|Author:||Ian Bicking <email@example.com>|
|Discussions-To:||Python Web-SIG <firstname.lastname@example.org>|
|Created:||13 Nov 2006|
WSGI applications are generally not supposed to raise exceptions, instead handling their own errors (possibly returning a 500 Server Error response). But in some context it is desired that unexpected exceptions be allowed to bubble up. This specification defines a key to set in this circumstance.
When in a testing context it is undesirable for an application to handle its own errors. Typically the test framework is better at handling the errors, either through error formatting or by dropping into a debugger like pdb.
Additionally when an exception catcher is installed in a stack, ideally it will be used for all exceptions. This allows for centralized configuration (for example, when emails are sent when errors occur). Dynamically disabling any other exception catchers is often ideal in this situation.
An exception catcher should check for x-wsgiorg.throw_errors. If it is true, it should not try to catch exceptions. This need only be checked as the application is being entered, it should not be checked later. Applications should not try to set this to effect middleware that wraps them, only to effect applications they may call.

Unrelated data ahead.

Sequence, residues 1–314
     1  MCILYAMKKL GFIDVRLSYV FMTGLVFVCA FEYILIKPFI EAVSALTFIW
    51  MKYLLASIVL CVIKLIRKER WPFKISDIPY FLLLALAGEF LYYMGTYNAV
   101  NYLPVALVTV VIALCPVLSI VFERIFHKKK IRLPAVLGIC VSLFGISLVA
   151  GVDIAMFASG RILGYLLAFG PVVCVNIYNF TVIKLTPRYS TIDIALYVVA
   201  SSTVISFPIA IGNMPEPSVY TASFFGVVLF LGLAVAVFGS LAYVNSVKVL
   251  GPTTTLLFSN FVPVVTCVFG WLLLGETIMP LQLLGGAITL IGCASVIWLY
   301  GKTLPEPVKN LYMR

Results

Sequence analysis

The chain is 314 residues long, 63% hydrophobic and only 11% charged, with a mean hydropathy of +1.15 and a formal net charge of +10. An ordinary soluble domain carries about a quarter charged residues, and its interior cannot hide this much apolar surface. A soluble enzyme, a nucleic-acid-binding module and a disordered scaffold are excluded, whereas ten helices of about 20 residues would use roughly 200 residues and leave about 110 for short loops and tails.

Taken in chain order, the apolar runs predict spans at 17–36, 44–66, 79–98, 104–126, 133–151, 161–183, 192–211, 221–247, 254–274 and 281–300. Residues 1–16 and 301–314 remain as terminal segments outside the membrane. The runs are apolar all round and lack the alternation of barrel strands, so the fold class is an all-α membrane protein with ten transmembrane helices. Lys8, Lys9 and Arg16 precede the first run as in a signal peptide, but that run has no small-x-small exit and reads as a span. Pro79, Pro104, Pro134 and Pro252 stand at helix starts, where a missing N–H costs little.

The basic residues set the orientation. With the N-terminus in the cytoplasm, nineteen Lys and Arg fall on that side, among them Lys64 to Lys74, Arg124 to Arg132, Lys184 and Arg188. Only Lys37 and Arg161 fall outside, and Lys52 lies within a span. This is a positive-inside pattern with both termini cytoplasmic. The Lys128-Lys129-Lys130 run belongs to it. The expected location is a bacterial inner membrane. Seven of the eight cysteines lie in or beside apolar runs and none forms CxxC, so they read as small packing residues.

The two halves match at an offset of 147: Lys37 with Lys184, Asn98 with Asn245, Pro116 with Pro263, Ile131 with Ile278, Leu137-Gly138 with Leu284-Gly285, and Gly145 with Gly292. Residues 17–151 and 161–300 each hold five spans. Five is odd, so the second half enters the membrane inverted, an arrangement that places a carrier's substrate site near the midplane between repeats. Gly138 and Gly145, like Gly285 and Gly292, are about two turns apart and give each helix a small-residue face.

A simple exception catcher:
class ExceptionCatch(object): def __init__(self, app): self.app = app def __call__(self, environ, start_response): if environ.get('x-wsgiorg.throw_errors'): return self.app(environ, start_response) try: return self.app(environ, start_response) except: import sys, traceback, StringIO exc_info = sys.exc_info() start_response('500 Server Error', [('content-type', 'text/plain')], exc_info=exc_info) out = StringIO.StringIO() traceback.print_exc(file=out) return [out.getvalue()]
WebTest sets a key (paste.throw_errors) during debugging, which allows it to do functional testing of applications that have the paste.exceptions middleware applied to them (that middleware looks for the key and disables itself per-request when it sees it).
Zope 2 has its own flag on the (non-WSGI) request to do this, showing substantial history for this technique. Zope 3 uses something like wsgi.handleErrors in the WSGI environ to the same effect (it shouldn’t be using wsgi., but it does).